One couple trying to get their COVID-19 vaccines put their names on five different lists. One devoted son waited up until 1 a.m., juggling three computer screens to snag an elusive slot for his dad and stepmom. A friend persuaded a patient’s longtime pharmacist to make a house call to administer the vaccine. Another couple endured a 5 1/2-hour wait for their second dose.
They’re just a few examples of the tens of thousands of Americans who’ve been eligible for the COVID-19 vaccine (as part of groups 1B or 1C per the Centers for Disease Control and Prevention’s recommendations), struggled to receive it and finally did.
They weren’t trying to “jump the line,” explained Andy Giambarba, who spent three late nights refreshing multiple browser windows in hopes of snatching a slot through Walgreens for his 92-year-old father and 86-year-old stepmother. It’s just that difficult to get an appointment in many parts of the country right now.
But, as the stories and advice below show, it may be possible — through extraordinary perseverance and creativity.
Judy Miller, 75, tried to get vaccinated in her home county of Palm Beach, Fla. She called the state’s vaccination hotline dozens of times with no luck. “I kept getting a recording saying no appointments were available,” she said.
Finally, someone in her high-rise suggested she stay on the phone line after the recording played and after a short wait, “an actual live person came on the phone,” Miller said.
She and her partner were ultimately able to schedule appointments at a mass vaccination site in Miami, about an hour’s drive and two counties away. “It wasn’t too bad, we waited in the car and drove through when it was our turn,” Miller explained.
The first dose took about 3 1/2 hours, including the round-trip drive; the second was closer to a 5 1/2 hour trip, because of a backlog at the site.
“Still, it was worth every minute,” Miller said.
“There’s no working federal system for vaccine distribution,” said Hana Schank, director of strategy, Public Interest Technology, at the think tank New America.
States have even fewer resources and less tech capacity. Turf battles and siloed systems create additional roadblocks, too. COVID-19 vaccine distribution is “a really complicated thing to solve and there are good, smart people in government working on it, but often bureaucracy gets in the way,” Schank said.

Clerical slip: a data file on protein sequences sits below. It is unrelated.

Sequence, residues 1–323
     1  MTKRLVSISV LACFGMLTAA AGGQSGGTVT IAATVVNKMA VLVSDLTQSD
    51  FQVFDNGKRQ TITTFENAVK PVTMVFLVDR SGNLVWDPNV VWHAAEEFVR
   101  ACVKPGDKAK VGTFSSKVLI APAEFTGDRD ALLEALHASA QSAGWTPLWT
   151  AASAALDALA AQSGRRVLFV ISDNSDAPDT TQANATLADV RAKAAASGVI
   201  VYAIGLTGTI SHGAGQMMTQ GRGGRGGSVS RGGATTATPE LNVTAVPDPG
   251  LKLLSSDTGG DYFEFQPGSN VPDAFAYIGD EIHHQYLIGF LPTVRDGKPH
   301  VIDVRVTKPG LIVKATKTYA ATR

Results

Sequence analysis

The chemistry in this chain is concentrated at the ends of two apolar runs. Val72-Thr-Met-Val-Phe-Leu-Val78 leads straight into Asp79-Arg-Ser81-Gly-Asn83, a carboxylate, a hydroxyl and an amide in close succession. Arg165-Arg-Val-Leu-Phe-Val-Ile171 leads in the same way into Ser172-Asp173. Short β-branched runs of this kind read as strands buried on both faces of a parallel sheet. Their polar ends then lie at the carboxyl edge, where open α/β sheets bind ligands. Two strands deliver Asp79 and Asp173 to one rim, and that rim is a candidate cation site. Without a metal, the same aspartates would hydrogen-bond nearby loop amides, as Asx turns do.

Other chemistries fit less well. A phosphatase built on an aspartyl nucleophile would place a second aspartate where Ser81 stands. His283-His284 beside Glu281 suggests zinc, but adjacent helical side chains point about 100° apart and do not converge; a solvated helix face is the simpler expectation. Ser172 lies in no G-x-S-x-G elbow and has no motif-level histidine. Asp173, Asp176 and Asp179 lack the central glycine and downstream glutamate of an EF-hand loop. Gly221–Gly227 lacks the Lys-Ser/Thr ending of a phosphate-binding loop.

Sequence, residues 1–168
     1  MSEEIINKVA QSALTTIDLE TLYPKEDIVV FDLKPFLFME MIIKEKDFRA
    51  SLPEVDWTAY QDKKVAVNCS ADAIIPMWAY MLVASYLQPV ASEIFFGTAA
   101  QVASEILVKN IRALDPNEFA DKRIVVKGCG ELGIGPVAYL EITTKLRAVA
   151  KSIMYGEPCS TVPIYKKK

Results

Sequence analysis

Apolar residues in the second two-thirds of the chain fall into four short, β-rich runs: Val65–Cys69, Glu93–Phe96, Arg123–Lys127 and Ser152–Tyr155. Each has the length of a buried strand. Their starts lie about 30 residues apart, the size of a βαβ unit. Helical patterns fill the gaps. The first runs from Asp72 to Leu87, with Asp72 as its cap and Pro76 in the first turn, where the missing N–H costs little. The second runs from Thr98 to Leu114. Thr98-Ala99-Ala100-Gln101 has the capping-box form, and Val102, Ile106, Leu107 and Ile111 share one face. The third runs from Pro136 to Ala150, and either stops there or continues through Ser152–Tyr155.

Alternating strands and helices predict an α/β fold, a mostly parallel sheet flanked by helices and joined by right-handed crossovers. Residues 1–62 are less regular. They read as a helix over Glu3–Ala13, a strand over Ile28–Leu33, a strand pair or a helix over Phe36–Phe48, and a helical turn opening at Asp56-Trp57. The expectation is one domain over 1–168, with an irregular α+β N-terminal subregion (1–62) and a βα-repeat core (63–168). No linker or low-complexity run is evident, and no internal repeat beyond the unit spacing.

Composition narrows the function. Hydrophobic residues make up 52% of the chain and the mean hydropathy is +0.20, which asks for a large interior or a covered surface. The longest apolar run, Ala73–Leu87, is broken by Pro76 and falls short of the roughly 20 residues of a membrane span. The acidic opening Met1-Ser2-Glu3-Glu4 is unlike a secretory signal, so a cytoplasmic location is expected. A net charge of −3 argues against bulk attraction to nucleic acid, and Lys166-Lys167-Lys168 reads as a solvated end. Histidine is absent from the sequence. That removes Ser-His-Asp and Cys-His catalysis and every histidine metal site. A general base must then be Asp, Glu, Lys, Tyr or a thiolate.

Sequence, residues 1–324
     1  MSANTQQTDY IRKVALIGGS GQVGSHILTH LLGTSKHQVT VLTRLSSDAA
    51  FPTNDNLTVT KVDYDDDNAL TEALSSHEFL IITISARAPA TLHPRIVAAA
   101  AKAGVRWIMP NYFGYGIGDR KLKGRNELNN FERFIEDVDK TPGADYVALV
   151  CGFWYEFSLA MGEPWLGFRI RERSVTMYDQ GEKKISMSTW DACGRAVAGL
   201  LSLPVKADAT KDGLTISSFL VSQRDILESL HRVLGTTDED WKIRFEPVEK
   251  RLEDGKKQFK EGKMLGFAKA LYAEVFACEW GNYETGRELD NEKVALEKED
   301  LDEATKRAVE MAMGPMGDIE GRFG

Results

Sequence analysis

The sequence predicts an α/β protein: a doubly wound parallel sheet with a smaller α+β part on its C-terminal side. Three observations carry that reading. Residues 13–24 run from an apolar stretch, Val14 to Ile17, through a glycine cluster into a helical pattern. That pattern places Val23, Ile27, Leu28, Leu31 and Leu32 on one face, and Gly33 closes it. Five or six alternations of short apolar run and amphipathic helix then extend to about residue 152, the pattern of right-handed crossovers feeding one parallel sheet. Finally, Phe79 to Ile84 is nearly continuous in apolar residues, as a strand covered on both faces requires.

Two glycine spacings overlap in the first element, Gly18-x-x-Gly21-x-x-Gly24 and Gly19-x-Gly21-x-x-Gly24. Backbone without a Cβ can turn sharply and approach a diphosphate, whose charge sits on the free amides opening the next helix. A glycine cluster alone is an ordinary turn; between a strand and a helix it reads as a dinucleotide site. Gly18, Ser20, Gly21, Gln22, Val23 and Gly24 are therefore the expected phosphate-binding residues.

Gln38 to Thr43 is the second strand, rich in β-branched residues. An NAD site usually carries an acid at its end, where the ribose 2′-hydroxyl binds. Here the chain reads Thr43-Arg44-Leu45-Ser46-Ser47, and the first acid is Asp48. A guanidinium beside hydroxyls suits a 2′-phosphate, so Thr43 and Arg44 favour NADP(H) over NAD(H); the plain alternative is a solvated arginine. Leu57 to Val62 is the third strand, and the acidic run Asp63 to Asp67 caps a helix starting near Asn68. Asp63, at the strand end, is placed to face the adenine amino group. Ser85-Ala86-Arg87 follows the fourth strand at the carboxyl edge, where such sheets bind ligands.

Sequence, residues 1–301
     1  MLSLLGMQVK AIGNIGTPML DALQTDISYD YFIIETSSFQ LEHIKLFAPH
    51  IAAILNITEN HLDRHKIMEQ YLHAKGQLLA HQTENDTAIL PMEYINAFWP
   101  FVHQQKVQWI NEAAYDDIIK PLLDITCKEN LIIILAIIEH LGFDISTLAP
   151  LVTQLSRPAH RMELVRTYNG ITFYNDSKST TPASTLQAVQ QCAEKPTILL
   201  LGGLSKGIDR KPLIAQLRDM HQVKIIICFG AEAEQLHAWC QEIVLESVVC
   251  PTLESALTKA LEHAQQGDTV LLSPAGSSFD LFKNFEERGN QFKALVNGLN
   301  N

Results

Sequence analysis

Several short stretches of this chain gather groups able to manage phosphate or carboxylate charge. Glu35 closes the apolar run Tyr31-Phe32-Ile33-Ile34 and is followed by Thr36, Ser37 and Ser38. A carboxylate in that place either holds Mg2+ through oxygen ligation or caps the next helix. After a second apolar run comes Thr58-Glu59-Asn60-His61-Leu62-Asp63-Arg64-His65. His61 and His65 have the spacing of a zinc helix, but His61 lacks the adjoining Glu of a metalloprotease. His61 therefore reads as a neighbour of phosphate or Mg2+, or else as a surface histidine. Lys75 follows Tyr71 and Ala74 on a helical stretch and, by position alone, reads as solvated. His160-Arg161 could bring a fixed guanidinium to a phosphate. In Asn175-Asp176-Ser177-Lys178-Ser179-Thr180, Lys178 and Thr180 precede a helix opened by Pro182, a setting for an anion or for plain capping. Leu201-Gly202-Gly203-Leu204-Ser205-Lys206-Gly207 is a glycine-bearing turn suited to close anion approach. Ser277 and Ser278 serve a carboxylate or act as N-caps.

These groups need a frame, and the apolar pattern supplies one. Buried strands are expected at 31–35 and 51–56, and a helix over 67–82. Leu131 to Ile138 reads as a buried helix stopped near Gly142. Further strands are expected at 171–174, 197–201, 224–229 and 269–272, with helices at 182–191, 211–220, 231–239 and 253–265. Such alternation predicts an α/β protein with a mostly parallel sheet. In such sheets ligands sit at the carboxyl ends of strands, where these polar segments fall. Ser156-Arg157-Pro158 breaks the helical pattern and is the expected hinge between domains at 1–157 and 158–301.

Randall Fields, 71, who lives in rural southeast Ohio, signed up with the county health department, two local health clinics, the regional supermarket chain and a regional pharmacy.
The pharmacy chain “only set up appointments on Sunday at 10 a.m., and you had to move fast,” he said. Ultimately, Fields and his wife, Barb Klaer, 67, got the coveted appointments at a fairgrounds two counties over.
One of the vaccination scheduling challenges living in such a rural area is broadband access. Fields is fortunate to have high-speed internet, but many of his friends and neighbors don’t. “That’s a problem, since all of these places want you to make appointments online. You can’t call,” Fields said.
Even if calling the county or state is an option, it may become an exercise in frustration.
Donna Myrow had been trying to help her friend Ken, 85, get a vaccine appointment in Los Angeles for weeks. He has underlying health issues and uses a wheelchair. “He was on hold with the county once for over four hours, before he finally gave up,” said Myrow. Ken doesn’t drive, and his physical limitations make waiting in long lines virtually impossible.
Myrow finally contacted his longtime pharmacist, pleading with him to make a house call when a vaccine shipment became available. Ken has since received his first dose that way; the pharmacist will return to administer the second shot in a few weeks.
“Ken heard nothing from his city, county or state. He’s on his own, and if I hadn’t called the pharmacy, he would not get a vaccine,” Myrow said.